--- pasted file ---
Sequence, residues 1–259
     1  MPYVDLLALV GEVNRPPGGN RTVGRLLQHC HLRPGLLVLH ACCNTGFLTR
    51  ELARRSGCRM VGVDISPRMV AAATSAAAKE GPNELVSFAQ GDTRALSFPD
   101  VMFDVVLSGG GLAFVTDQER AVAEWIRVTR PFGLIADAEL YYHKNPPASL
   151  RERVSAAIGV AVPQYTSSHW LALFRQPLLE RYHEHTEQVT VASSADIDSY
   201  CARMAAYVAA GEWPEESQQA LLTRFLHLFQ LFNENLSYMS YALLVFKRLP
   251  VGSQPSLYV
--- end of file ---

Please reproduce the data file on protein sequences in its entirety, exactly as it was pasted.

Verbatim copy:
Sequence, residues 1–259
     1  MPYVDLLALV GEVNRPPGGN RTVGRLLQHC HLRPGLLVLH ACCNTGFLTR
    51  ELARRSGCRM VGVDISPRMV AAATSAAAKE GPNELVSFAQ GDTRALSFPD
   101  VMFDVVLSGG GLAFVTDQER AVAEWIRVTR PFGLIADAEL YYHKNPPASL
   151  RERVSAAIGV AVPQYTSSHW LALFRQPLLE RYHEHTEQVT VASSADIDSY
   201  CARMAAYVAA GEWPEESQQA LLTRFLHLFQ LFNENLSYMS YALLVFKRLP
   251  VGSQPSLYV